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Blizzard Conditions Hit New England As Massive Winter Storm Travels North

Updated at 9:25 p.m. ET

A massive winter storm has brought hurricane-force winds, blizzard conditions and damaging coastal flooding to eastern New England, one day after it delivered unusual cold and snow to the South.

The National Weather Service says snow in the Northeast will end Thursday night, but it will be followed by strong winds and arctic air "resulting in dangerously cold wind chills" throughout the weekend.

Wind gusts of more than 70 mph were detected in some places in New England, according to The Associated Press. High winds are expected to increase the possibility of power outages.

"Blizzard to near-blizzard conditions will likely persist into the evening hours from eastern Massachusetts to Maine," the weather service says.

A road begins to flood in Scituate, Mass., during a massive winter storm on Thursday.
Scott Eisen / Getty Images
Getty Images
A road begins to flood in Scituate, Mass., during a massive winter storm on Thursday.

The storm has caused four deaths in North and South Carolina and another in Pennsylvania. Reuters reportsthe cold snap across much of the country has killed more than a dozen people.

Coastal Massachusetts is also experiencing "major and destructive" flooding, brought by a combination of high tide and waves from the storm, the Weather Service says. Some roads have become impassable.

Peter Kadzis of member station WBGH reported:

According to the National Weather Service in Boston, the city may have set a high-tide record, although it will need to be confirmed.

The Globe reports that some Boston train stations had to be shut down because of flooding, which affected multiple streets in the city's downtown. Large chunks of ice were seen on a downtown street.

But brutal winter weather is par for the course in Boston, and some residents are braving the elements, the AP writes:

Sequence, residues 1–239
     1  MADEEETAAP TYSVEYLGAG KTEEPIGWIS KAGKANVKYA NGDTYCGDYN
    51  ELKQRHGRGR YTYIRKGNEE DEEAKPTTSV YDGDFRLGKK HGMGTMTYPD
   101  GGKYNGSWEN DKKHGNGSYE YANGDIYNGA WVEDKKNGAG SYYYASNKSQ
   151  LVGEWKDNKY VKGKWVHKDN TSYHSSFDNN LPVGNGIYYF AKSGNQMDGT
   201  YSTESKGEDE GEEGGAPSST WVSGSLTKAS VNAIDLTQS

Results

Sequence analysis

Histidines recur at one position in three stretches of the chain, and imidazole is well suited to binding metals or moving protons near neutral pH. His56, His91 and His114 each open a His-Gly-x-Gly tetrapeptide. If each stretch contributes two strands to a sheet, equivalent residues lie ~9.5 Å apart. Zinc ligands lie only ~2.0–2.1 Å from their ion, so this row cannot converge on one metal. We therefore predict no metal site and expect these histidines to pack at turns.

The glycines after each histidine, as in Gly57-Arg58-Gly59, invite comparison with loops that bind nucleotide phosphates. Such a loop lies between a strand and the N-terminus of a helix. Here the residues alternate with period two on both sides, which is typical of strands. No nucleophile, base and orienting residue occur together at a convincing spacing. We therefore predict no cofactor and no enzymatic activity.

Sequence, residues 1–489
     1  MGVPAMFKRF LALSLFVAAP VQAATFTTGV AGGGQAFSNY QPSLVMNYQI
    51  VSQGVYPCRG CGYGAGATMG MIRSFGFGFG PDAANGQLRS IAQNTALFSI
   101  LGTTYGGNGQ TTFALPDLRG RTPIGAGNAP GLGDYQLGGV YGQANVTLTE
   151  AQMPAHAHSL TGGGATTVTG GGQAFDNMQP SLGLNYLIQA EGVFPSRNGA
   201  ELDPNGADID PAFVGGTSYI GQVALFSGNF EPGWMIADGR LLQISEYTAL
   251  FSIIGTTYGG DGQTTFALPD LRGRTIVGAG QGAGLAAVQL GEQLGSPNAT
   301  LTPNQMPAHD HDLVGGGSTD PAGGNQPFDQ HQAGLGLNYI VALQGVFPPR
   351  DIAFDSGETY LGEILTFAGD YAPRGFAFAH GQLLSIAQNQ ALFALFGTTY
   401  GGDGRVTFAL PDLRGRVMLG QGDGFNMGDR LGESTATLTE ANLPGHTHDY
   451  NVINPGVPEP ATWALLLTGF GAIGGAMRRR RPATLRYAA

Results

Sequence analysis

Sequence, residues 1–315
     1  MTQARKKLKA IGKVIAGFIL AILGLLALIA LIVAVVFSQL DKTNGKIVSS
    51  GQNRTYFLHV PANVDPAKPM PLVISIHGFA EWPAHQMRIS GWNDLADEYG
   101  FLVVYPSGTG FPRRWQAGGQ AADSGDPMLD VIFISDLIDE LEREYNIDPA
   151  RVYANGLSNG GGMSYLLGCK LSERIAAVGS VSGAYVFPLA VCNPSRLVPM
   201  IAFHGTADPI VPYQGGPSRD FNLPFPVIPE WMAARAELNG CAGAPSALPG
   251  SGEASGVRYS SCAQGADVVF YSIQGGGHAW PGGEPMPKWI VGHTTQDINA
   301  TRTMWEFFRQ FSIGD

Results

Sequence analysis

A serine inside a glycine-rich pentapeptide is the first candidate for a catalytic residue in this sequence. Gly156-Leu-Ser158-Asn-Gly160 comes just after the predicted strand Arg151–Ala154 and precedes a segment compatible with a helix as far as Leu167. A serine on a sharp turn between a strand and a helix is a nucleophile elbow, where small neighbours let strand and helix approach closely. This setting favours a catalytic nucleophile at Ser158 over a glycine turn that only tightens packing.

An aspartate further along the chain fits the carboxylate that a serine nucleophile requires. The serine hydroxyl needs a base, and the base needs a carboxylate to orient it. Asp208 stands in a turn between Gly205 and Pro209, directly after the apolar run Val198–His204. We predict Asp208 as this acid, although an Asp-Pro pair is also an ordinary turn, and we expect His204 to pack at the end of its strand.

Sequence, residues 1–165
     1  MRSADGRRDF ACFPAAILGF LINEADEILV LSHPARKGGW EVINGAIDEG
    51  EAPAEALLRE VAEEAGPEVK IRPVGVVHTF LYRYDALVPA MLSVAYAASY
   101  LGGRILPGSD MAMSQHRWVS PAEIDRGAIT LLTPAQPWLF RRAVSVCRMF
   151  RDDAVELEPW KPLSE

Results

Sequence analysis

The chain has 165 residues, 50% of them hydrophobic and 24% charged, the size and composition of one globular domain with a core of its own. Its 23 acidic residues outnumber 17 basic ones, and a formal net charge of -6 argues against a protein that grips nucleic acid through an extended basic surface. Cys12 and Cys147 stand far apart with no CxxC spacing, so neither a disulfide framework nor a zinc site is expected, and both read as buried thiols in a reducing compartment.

Meanwhile, NWS Boston advised residents, "We do not recommend going out and floating on icebergs; this is a very dangerous situation along the coastline with major flooding ongoing."

As the snow began tapering off, Weather Service officials tweetedwarnings to residents to shovel snow safely, check batteries in carbon monoxide and fire detectors and clear snow and ice from vents outside of homes.

The "bomb cyclone" that bludgeoned New England is a powerful storm, bringing bitter cold and heavy snow.

The rate at which the storm has intensified is unusual — the Capital Weather Gang at The Washington Post called it "astonishing." A storm can be classified as a "bomb cyclone," or a particularly fast-forming storm, if the pressure drops 24 millibars in 24 hours. This storm has more than doubled that pace.

"This storm's pressure tanked 53 millibars in 21 hours (and 59 millibars in 24 hours), which puts it into the upper echelon of the most explosive East Coast storms ever observed — and perhaps even at the top," the Post writes.

The NWS in Boston calls this storm "impressive, explosive" and "high-impact."

Thousands of flights have been canceled. Across the Northeast, schools are shuttered, salt has been spread, and local officials are pleading with residents to stay off the streets if they can.

There is near-zero visibility in some of the snow bands passing over the states from New Jersey to Maine, the weather service says.

Earlier in the day, NPR's Hansi Lo Wang reported that it wasn't just the ice and cold that authorities were worried about:

Member station WNYC reports that officials are urging New York City residents to remain indoors:

Copyright 2023 NPR. To see more, visit https://www.npr.org.

Richard Gonzales
Richard Gonzales is NPR's National Desk Correspondent based in San Francisco. Along with covering the daily news of region, Gonzales' reporting has included medical marijuana, gay marriage, drive-by shootings, Jerry Brown, Willie Brown, the U.S. Ninth Circuit, the California State Supreme Court and any other legal, political, or social development occurring in Northern California relevant to the rest of the country.
Camila Domonoske
Camila Flamiano Domonoske covers cars, energy and the future of mobility for NPR's Business Desk.